1. The behaviour of the new compiled executable may be different from the original executable
People who develop applications for the mainframe, in general, do not like a change in very well known behaviour. It is a fairly valid concern. Compilers tend to do many optimizations including Dead Code Elimination and Code Reordering. While these optimizations are functionally correct, it does change the code path. This introduces uncertainties mainframe developers are not willing to take a risk on. In addition, a compiler is after all just another program. It can and will have bugs. I don't know about you, but if I had billions of dollars at stake, I would much rather pick a slow but stable program over a fast but potentially buggy one (however tiny the risk).

2. The source code is no longer available
Yes, apparently this happens. The source code is no longer there. How can you recompile a program if the source code is no longer available?* How could something like this ever happen you might ask? Well, back then source control wasn't nearly as ubiquitous as it is today. Source code was stored in Data Sets on disk. When migrating machines, it is entirely possible that some of the code might not have been transferred over. There is also the possibility that the source is there but no one has any idea where it is, or, if they do know where it is, they don't know which version of the source is the right one.

3. The executable does not match the source code
That's right. Even if the source is available, the executable's behaviour does not correspond to what is defined in the source code. Now I know what you're thinking: "What the fuck?! How does this happen? Why would anyone even allow this to happen?". Well here's the thing. Mainframe customers are charged by the MIPS. This is similar to how cloud companies who use Amazon's virtual machine deployments get charged. It may be relatively cheap now, but back in the 60s and 70s, it was far too expensive to waste compute resources on a compile to fix a bug. The quick, easy, and cheap thing to do was to directly modify the executable. I know that sounds insane, but if you think about it, it isn't that farfetched. Executables were tiny back then, and the behaviour was very well understood. Compared with trying something similar nowadays with say a Linux kernel module, it was not that difficult to pull off.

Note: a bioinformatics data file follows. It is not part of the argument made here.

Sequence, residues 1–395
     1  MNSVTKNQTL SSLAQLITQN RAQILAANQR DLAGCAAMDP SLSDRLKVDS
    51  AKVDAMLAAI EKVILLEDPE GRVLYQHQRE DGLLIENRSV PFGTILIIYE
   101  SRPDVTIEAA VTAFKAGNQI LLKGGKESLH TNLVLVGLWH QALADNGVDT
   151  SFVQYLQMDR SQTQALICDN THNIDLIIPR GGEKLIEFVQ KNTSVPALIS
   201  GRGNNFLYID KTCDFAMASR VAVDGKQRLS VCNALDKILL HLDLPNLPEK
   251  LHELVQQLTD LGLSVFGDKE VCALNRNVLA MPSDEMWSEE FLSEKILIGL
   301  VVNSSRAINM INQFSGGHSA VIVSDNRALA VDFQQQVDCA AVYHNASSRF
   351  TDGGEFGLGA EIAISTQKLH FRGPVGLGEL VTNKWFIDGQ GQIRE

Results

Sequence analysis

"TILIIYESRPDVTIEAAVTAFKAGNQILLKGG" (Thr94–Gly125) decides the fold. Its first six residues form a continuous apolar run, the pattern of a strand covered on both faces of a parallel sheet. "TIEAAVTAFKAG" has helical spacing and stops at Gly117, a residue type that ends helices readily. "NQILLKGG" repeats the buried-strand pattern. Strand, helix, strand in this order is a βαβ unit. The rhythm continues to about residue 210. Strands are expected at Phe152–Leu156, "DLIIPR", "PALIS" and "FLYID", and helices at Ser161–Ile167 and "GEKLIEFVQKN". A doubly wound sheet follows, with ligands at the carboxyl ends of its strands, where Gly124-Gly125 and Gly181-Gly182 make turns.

To summarize: If it ain't broke, don't fix it.


These are some of the lesser known (and more frightening) realities of the tech world. However, the explanations I presented are partially of own creation to try to reconcile why these realities exist. As concerning as all this may seem, I wouldn't fret too much about it. The various banks have a lot more to lose than we do; the foundations of the financial transactions of the world may be dark and murky, but they are every bit as strong now as they were when they were first built.


Chats with compiler developers

* In principle one could decompile the binary into IL, perform the optimizations, and then compile it into a new binary, but this is not as well understood as compiling from source code.